The Westing Game

One of the few times I got busted in middle school was because of The Westing Game. I was deep into the book’s convoluted plot, puzzling over who would win the Westing fortune. This book had everything my sixth grade mind could hope for: a mystery with a thirteen-year-old girl as a main character, giant piles of money, PBS levels of diversity, and a mad bomber. I would not put it down to learn lame things about English grammar. My exasperated teacher, Mrs. Taylor, announced a pop quiz and obliquely called me out. “I hope,” she said focusing squarely on me, “that those of us who have been reading novels throughout the lesson do very well on this quiz.”

It was the first time I let art get in the way of my studies. The first time I thumbed my nose at The Man. The first time, and actually one of the few times, I walked that good kid/bad kid line. I remember my brush with juvenile delinquency fondly, and hold it up as evidence that I wasn’t entirely a goody-two-shoes in my early years. The Westing Game, consequently, looms large in my memory of that time. I loved that book. I thought it was super cool. Almost 25 years later, I still remember it as an excellent story and would unreservedly recommend it to anyone. The only thing is, I haven’t read it again since that first heady time in the sixth grade. And I don’t want to.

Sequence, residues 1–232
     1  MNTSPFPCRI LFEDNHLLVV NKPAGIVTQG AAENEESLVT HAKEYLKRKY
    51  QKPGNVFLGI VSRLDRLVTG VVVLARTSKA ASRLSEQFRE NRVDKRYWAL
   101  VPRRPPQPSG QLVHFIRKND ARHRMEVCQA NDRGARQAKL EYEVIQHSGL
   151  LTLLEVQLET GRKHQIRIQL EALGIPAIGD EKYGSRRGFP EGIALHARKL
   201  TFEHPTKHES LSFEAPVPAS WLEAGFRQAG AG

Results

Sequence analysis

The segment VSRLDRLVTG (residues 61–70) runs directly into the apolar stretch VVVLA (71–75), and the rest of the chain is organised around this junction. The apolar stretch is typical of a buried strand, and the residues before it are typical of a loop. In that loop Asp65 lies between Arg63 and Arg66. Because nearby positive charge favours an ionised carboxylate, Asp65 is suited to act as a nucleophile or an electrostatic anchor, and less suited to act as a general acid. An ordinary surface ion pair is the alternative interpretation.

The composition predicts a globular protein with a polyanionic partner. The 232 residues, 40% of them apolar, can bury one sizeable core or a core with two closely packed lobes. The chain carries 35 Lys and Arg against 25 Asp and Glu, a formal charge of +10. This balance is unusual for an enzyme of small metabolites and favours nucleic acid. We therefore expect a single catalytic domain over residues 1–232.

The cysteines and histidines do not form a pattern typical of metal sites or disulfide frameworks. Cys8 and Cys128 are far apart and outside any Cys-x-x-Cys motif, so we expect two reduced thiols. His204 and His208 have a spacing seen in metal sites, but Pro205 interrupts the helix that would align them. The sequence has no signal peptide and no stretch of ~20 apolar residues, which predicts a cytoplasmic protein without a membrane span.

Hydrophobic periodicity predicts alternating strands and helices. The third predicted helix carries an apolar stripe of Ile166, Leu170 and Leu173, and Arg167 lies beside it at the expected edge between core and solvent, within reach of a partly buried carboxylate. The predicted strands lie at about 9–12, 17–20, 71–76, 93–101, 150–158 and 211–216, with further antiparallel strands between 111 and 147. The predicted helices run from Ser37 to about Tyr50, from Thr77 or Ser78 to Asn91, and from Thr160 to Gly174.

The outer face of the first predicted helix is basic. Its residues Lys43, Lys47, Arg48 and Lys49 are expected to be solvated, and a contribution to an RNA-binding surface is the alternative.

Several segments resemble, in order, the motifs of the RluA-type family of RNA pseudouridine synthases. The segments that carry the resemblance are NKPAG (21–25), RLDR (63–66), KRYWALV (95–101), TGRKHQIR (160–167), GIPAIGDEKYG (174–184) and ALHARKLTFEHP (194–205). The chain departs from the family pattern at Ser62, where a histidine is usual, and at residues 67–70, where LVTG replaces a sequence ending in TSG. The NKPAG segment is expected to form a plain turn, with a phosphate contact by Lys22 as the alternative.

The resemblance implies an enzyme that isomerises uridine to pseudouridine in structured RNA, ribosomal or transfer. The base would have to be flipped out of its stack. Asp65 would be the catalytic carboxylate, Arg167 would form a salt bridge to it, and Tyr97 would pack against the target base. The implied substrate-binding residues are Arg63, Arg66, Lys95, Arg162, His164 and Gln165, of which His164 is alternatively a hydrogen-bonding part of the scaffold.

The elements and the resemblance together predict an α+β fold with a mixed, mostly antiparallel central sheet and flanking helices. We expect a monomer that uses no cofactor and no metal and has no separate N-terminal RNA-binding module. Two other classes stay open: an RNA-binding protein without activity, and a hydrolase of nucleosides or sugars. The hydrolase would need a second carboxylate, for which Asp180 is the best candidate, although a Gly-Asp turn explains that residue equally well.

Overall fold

I’ve never been a great one for rereading. I don’t often see the point once the book has revealed to me all of its secrets. I know there is more to gain, more to appreciate of the writer’s skill upon second and third readings, and a deeper relationship to form with the work over time. I just won’t ever be able to recapture that first-time thrill of the revelations leading to the climax and the following catharsis. I chase new highs from other books because I know I won’t feel the same emotional peaks with the beloved book again.

I’m also reluctant because I’m afraid. What if The Westing Game doesn’t hold up to the refined/jaded palate of the adult me? What if my adult mind finds a pile of faults and disappointments in it? What if what I remember of its awesomeness gets trashed? My memory of the art might be more important to me- and how I view my sixth grade self- than the art itself. I haven’t decided to never reread The Westing Game, but for now I want to remember the first thrill of reading it and being a little rebellious in the process.

P.S. I did get an A on that quiz. Booyah.


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